Royal Air Force Museum London

Royal Air Force Museum London
Established 15 November 1972 (1972-11-15)
Location Colindale
London, NW9
United Kingdom
Type Aviation museum
Public transit access London Underground Colindale

The Royal Air Force Museum London, commonly called the RAF Museum, is located on the former Hendon Aerodrome, with five major buildings and hangars dedicated to the history of aviation and the Royal Air Force. It is part of the Royal Air Force Museum, a non-departmental public body sponsored by the Ministry of Defence and a registered charity.[1]

A second collection of exhibits, plus aircraft restoration facilities, is housed at the Royal Air Force Museum Cosford at RAF Cosford in Shropshire, five miles northwest of Wolverhampton.


The museum was officially opened at the Colindale (then part of Hendon) London site on 15 November 1972 by Queen Elizabeth II. The hangars housed 36 aircraft at opening. Over the years, the collection increased, and aircraft not on display at Hendon were stored or displayed at smaller local RAF station museums.

The first Director of the Museum was Dr John Tanner who retired in 1987. In 1988, Dr Michael A. Fopp (who had previously directed the London Transport Museum) was appointed Director General of all three sites operated by the Museum. Retired Air Vice-Marshal Peter Dye replaced Fopp as Director General on 9 June 2010.[2] In October 2014, it was announced that Maggie Appleton was to be appointed as CEO of the museum.[3] Appleton took up the new role in January 2015, a departure from the traditional role of Director General which was held by Peter Dye until his retirement in late 2014.


CR 42 Falco at the Battle of Britain hall

The Royal Air Force Museum London comprises five exhibition halls:

As of 2010, it had over 100 aircraft, including one of only two surviving Vickers Wellingtons left in the world and the Avro Lancaster S-Sugar, which flew 137 sorties. It also includes the only complete Hawker Typhoon and the only Boulton Paul Defiant in the world.

Recently added to the museum is a Consolidated B-24 Liberator, which was moved to Hendon from Cosford. It was presented to the museum by the Indian Air Force. In exchange, a Vickers Valiant was sent to Cosford to become part of the new Cold War exhibition. In 2009 the museum took delivery of a FE2b World War I bomber, which had been in production for the museum for over 18 years and is one of the few examples of this aircraft in the world.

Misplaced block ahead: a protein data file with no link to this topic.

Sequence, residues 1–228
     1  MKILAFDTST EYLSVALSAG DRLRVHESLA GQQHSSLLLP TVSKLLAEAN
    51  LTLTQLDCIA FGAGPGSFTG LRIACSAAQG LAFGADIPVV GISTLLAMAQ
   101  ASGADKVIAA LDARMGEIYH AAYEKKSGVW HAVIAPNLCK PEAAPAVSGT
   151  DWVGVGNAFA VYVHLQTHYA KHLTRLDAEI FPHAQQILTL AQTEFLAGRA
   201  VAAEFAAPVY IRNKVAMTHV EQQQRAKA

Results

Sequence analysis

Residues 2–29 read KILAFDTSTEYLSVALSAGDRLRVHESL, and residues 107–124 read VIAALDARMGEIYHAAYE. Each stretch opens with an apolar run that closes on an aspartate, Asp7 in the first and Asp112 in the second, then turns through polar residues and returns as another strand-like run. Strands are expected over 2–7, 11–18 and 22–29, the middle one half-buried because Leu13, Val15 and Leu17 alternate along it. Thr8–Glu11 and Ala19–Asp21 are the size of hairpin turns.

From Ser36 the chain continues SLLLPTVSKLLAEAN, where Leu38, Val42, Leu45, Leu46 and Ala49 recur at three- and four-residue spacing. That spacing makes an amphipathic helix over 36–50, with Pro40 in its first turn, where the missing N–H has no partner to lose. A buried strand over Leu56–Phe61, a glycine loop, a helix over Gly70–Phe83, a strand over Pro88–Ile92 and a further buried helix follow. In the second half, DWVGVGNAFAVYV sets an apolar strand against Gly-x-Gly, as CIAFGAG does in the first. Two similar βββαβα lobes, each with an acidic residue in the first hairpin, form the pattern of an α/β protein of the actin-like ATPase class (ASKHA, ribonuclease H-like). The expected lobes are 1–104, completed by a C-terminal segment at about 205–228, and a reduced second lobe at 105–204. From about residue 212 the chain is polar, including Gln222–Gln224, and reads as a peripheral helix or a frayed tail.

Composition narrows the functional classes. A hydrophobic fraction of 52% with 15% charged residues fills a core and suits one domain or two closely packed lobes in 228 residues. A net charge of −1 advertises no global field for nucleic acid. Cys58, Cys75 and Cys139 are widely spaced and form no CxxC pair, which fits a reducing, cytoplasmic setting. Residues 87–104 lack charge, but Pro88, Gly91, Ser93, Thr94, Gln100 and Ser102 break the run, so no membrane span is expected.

There is a large car park at the site, and reasonable public transport links, with Colindale tube station around a 10-minute walk away.

In April 2009, work began on The Battle of Britain Hall to improve lighting conditions and provide full re-cladding to the exterior of the building. This new form of energy-saving lighting can change colour and light intensity while still being cheaper to run. It is kinder to the exhibits because it does not emanate UV light,and light intensity can be increased between each "Our Finest Hour" showing. The hall will also benefit from a new glass fascia overlooking the Sunderland flying boat making it viewable from outside and also providing natural daylight throughout the Sunderland Hall, a section within the Battle of Britain building. Works were completed in August 2009.

Aircraft on display

Milestones of Flight

The Sopwith Camel in the 'Milestones of Flight' hall

The Bomber Hall

Avro Lancaster R5868 in the Bomber Hall of the RAF Museum London

Historic Hangars

Battle of Britain Hall

Junkers Ju 87 Stuka on display in the Battle of Britain Hall

The Grahame-White Factory

Grahame-White Factory interior, Bristol M.1c and Vickers Vimy in foreground

Engines on display

See also


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Coordinates: 51°35′56″N 0°14′19″W / 51.59889°N 0.23861°W / 51.59889; -0.23861

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